Four candidates vying for PUD board seat
EVERETT — In Snohomish County, one of the most potentially overlooked races on Election Day may be for a seat on the PUD Board of Commissioners. The race is for a board seat on one of Snohomish County’s biggest utilities. The board’s actions include establishing policies, setting rates, adopting plans for electrical and water systems, and approving where revenue flows to, said PUD spokesman Neil Neroutsos.
This election, four candidates are running for the seat. The August primary will narrow the field to two candidates; primary ballots began being mailed out this week.
The incumbent, Sidney Logan, was appointed from a pool of 25 candidates on March 28, 2017 after Commissioner Dave Aldrich resigned for health reasons. This election is to fill the remaining two years of a six-year term.
Logan is challenged by Sam Buchanan, Bruce King and Mary Rollins.
One of the main goals of the PUD is to provide customers a great utility service at a low cost.
“The best way the PUD can help customers to reduce costs and use less energy is through a variety of conservation incentives we offer,” Logan said, “including rebates for high efficiency devices like heat pump water heaters.”
Another possible route to lower costs is to open up to the free market.
King said “the PUD has been using a series of no-bid contracts to favored vendors and bypassing the competitive bid process; competitive bidding is one way to keep a lid on costs.”
Rollins says that from her perspective, frivolous spending has hiked costs.
“The PUD has spent millions on projects that have been abandoned. Power is not a luxury,” she said.
Additionally, expanding clean energy production is one of the goals.
“The PUD has plenty of clean energy (98 percent carbon free) at this time and for the foreseeable future. To make progress in reducing carbon in our region we need to promote electrification of transportation,” Logan said.
Solar power is one of the biggest power producing ideas on King’s mind.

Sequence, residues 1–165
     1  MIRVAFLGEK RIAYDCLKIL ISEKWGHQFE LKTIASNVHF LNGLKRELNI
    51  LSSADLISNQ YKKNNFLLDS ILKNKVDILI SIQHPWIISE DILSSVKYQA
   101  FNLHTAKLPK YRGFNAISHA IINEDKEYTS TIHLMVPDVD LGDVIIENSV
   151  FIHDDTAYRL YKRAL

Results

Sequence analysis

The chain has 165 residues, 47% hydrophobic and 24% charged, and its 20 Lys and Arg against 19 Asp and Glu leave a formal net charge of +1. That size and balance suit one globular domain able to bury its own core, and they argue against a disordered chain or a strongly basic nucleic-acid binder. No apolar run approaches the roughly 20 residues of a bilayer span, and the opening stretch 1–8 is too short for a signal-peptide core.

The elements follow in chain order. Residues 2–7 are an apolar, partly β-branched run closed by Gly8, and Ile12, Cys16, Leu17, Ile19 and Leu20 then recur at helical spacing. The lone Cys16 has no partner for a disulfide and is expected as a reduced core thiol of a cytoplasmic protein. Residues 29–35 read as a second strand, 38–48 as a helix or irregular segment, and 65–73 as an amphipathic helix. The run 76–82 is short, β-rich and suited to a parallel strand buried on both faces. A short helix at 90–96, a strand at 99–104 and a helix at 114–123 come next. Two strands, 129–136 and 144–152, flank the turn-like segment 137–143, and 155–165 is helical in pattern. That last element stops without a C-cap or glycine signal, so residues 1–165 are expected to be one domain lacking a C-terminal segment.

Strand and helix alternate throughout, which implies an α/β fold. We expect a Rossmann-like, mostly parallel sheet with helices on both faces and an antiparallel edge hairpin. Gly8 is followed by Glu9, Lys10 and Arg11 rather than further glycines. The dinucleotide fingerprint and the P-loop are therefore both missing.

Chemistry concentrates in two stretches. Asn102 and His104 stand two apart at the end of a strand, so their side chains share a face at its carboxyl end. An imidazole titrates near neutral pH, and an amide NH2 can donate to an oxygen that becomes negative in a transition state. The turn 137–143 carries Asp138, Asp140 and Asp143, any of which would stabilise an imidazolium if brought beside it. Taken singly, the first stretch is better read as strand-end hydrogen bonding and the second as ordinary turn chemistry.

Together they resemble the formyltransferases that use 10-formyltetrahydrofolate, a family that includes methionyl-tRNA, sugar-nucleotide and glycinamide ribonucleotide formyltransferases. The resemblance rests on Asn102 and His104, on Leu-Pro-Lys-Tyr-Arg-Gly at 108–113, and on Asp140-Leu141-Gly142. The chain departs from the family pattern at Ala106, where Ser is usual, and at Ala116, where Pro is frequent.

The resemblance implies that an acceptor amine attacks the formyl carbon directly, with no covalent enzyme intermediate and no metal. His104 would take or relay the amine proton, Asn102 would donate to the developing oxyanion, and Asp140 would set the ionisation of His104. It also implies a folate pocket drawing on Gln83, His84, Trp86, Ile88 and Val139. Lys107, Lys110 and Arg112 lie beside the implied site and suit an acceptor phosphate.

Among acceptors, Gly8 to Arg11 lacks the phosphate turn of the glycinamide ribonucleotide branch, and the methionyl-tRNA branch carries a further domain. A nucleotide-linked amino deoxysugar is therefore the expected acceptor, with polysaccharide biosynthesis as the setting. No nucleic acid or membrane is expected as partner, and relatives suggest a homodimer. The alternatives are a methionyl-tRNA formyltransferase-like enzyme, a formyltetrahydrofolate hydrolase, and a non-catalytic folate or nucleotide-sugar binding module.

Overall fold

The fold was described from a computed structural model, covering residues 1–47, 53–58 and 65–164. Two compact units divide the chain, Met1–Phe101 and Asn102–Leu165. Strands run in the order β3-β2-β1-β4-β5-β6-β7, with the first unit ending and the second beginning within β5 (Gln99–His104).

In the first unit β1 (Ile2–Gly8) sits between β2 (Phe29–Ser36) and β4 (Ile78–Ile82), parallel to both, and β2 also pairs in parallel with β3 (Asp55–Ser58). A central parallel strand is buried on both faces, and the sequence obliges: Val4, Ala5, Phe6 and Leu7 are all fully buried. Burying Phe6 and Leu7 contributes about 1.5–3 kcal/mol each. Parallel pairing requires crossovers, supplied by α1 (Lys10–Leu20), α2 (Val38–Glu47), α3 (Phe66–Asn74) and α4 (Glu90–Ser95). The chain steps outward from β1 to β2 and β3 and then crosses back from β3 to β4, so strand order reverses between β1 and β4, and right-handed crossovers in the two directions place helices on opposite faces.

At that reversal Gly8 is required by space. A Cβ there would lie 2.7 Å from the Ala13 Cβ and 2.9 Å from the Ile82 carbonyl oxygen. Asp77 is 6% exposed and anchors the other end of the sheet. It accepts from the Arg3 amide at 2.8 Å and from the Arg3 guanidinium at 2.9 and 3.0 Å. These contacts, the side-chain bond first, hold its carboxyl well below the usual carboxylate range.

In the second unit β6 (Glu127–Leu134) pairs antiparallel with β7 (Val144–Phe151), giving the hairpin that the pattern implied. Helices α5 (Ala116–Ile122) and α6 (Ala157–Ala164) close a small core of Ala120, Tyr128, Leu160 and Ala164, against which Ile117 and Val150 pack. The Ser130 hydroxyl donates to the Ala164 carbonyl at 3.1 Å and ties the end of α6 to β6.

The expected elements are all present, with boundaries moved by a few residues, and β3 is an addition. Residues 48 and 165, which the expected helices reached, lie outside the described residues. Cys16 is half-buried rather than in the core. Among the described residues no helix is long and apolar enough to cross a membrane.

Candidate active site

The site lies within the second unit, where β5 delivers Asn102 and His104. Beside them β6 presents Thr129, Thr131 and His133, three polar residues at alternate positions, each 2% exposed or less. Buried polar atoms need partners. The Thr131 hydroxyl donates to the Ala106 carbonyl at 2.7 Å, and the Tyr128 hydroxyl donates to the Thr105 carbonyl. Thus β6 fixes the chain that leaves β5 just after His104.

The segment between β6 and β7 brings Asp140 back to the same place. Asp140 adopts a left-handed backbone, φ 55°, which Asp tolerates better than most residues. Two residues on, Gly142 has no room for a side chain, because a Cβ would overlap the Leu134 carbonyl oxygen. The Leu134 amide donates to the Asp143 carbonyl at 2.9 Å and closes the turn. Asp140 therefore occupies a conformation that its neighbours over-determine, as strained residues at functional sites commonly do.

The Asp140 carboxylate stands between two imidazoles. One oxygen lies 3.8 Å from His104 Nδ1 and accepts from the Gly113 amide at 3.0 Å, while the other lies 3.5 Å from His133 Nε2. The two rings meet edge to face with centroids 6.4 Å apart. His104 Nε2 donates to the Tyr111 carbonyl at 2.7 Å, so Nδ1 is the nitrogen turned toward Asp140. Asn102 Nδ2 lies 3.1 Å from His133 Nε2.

“Solar energy is dropping in price, and placing solar panels on existing building roofs gets the PUD out of fights over salmon, water and farm/forest land consumption,” he said.
Rollins hopes businesses can help the PUD generate clean energy more cheaply and more efficiently.
“The PUD can partner with entrepreneurs who specialize in these systems,” she said. “There is plenty for the PUD to do without starting and stopping projects that put us in arrears in the millions of dollars.”
A vision for the future of the organization could also be considered important.
“In 20 years I see a PUD that has empowered its citizens to better manage their energy use, that integrates their solar panels, car charging and power walls to the benefit of their owners and the utility,” Logan said.
King thinks that power generation will become closer to home and from a wider variety of sources than today.
“In 20 years I believe that the majority of the electricity that the PUD supplies will be to support transportation — cars, trucks and boats,” King said. “I think that an increasing percentage of
homes will have solar panels and be generating their own power locally.”
Stability is one of the things Rollins hopes for the most.
“In 20 years, there will be no more shutoffs for customers. There will be all clean, renewable energy from non-nuclear sources,” she said, adding, “We have the technology today to accomplish this and we definitely have the workforce waiting to get the job done.”
Buchanan did not return two requests to respond to interview questions on his candidacy by deadline.
The seat is nonpartisan. Commissioners earn $2,567 per month, plus $128 for every meeting they attend. Medical coverage similar to what a PUD employee has is also offered.
If you would like to hear more from the candidates, you can find contact information in the recently mailed county voter’s pamphlet.
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